I encourage you to create a yearly budget. You can do that inside Mint, but you can also start with something simple, in a spreadsheet. Once you have the budget you need to track spending and then measure if you are under, on, or over budget. The fastest way to do this is using a personal accounting application like Mint. Third, do what I missed last year, taking corrective action before the end of the year. Finally, set one or two major constraints, give up something, it helps build the financial planner muscle.

Good luck in 2018.

The Hard Part About Leadership – The Final Part

If you missed Part I or Part II  on the hard part about leadership, you can find them at morerants.com, in the meantime, here is part III.

Starting before you are ready – Successful people start before they feel ready, it’s hard because you are pulled by excitement and deterred by confusion simultaneously. If you’re working on something important, then you’ll never feel ready, but people are watching, they are waiting and no matter how long you wait you won’t be ready, so shoot the puck.

Sticking with a tough decision – It takes guts to make tough decisions, they are often misunderstood or vehemently opposed. What takes real guts is to stick with a tough decision, it’s one of the harder parts of leadership. We can’t ask for the right answer since there probably isn’t one. But when we learn how to develop a point of view, we are able to stick with a tough decision even during a storm. Don’t forget that emotion is the enemy when holding to tough decisions.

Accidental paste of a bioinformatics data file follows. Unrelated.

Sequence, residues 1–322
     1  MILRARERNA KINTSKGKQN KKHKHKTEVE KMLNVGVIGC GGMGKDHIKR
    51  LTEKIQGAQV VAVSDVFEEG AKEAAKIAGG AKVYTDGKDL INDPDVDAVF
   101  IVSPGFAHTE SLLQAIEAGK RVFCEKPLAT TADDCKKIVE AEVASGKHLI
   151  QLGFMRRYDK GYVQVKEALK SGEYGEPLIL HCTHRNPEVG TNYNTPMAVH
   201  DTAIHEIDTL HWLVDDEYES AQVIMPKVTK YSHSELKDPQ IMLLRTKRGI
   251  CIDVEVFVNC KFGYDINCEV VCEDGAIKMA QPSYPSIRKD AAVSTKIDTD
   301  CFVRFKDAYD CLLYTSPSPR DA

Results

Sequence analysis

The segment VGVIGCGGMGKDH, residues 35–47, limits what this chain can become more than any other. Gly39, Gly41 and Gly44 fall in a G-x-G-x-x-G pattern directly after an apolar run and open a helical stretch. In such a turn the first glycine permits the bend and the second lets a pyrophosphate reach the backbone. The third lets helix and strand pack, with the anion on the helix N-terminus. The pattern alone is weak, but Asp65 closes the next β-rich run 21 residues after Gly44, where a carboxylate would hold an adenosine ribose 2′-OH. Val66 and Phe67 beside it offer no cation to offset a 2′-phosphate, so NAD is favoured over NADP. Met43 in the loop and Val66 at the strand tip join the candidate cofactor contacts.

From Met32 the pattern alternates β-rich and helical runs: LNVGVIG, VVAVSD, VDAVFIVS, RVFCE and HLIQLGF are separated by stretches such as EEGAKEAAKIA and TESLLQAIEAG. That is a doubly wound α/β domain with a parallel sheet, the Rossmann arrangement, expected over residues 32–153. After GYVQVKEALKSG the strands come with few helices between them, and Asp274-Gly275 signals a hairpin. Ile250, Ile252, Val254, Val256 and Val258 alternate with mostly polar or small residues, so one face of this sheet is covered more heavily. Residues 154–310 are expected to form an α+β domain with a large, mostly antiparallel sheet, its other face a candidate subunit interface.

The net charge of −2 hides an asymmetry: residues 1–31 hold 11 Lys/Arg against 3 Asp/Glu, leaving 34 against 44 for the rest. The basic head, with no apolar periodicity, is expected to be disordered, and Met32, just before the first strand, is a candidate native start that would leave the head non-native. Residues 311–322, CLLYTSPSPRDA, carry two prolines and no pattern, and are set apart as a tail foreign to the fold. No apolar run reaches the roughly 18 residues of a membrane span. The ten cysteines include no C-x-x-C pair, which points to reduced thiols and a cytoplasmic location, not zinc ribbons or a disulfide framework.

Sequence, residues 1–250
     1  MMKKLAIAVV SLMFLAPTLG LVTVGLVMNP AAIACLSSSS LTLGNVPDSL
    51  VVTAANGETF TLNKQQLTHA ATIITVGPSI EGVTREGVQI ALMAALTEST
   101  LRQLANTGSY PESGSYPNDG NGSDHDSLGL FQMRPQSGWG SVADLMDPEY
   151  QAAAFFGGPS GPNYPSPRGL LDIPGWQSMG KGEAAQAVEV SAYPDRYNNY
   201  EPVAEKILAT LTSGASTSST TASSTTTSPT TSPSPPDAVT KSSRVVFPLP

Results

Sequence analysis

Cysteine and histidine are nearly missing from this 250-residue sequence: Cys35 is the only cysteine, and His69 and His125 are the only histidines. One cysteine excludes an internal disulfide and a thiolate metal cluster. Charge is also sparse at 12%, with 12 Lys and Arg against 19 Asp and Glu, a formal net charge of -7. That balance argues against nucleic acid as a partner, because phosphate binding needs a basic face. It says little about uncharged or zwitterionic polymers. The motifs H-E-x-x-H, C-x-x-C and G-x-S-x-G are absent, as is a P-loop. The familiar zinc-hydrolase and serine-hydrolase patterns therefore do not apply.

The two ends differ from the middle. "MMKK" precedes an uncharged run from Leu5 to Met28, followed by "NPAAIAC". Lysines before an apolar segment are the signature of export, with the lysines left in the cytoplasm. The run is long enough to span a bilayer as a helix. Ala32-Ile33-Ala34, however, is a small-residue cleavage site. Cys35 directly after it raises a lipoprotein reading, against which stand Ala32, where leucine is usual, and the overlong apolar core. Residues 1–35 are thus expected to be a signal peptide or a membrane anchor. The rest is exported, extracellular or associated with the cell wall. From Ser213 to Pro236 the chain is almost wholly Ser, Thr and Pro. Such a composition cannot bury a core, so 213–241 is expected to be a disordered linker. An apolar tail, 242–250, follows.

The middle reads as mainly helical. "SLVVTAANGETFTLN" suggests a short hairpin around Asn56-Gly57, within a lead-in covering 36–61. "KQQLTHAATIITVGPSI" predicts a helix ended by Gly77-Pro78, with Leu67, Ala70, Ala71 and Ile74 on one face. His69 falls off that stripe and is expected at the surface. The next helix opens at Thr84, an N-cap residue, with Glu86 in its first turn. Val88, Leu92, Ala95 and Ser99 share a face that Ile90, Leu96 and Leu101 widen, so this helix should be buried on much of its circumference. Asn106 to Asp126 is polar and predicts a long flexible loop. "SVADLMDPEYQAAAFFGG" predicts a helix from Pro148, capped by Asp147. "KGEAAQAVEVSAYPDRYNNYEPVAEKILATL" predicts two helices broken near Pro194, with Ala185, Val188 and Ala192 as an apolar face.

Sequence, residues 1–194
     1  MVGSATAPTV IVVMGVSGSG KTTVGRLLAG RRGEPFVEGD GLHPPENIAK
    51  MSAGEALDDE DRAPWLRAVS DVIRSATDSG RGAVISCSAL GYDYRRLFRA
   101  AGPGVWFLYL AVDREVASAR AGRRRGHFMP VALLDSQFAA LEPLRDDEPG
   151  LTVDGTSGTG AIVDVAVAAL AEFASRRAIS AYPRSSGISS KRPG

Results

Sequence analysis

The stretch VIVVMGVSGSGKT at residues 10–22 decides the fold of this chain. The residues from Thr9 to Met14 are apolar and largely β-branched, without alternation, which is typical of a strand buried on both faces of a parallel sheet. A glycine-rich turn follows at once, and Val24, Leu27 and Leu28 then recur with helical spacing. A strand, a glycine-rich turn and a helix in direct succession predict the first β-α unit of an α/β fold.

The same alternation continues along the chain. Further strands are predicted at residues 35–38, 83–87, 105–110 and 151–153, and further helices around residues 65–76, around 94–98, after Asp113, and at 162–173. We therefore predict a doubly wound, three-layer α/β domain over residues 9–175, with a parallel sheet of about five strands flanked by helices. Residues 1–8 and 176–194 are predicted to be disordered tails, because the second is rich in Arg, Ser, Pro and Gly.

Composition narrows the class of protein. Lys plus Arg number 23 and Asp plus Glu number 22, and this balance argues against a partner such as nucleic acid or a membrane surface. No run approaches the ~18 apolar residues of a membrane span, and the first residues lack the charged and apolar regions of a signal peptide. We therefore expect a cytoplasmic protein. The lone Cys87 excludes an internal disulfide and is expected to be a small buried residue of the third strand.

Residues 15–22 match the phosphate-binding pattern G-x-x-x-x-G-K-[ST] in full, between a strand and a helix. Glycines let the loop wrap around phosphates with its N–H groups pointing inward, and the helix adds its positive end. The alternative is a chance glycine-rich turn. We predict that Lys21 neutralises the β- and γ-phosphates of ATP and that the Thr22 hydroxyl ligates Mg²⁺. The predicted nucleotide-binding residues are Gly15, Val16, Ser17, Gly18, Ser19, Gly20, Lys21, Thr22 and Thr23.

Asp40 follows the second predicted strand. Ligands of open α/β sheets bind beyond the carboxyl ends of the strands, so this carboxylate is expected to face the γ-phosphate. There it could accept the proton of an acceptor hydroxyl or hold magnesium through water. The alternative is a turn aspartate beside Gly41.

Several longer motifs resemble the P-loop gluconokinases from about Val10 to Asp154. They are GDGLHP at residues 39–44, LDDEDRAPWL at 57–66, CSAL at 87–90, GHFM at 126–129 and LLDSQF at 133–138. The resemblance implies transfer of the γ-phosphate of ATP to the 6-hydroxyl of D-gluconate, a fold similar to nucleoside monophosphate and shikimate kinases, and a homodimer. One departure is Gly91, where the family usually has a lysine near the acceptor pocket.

Leading From The Back – A leader’s job is to create more leaders, and there’s only one place this can be done from: the back. When we lead from the back, we are out of the spotlight, giving credit away, taking responsibility but not stealing the revelation someone makes, and understanding every decision we make is about people.

Dr. Isaiah Hankel, speaker and best selling author, shared the following with me recently. “It took me a long time to realize I was leading from the main stage, instead of stepping back and taking responsibility of all the mistakes in the organization. This was highly frustrating for me and my team, until one day I realized that no one on the team was taking responsibility for anything because I was not openly, and vocally stepping up to take responsibility myself.  This meant saying, ‘This is my fault because I didn’t give you enough guidance’ and, ‘Here’s what I did wrong.’ I then moved to the back and let others take the spotlight and simply guided from the sidelines.”

It’s extremely hard to lead from the back because we have so many images and stories where the hero is bigger than life, standing up front, on stage soaking it all in. But when you realize the monologue creates far less value than the dialogue you end up asking more questions. This on its own moves you to the back, where great leaders might not shine in the spotlight, but they create lasting and meaningful results.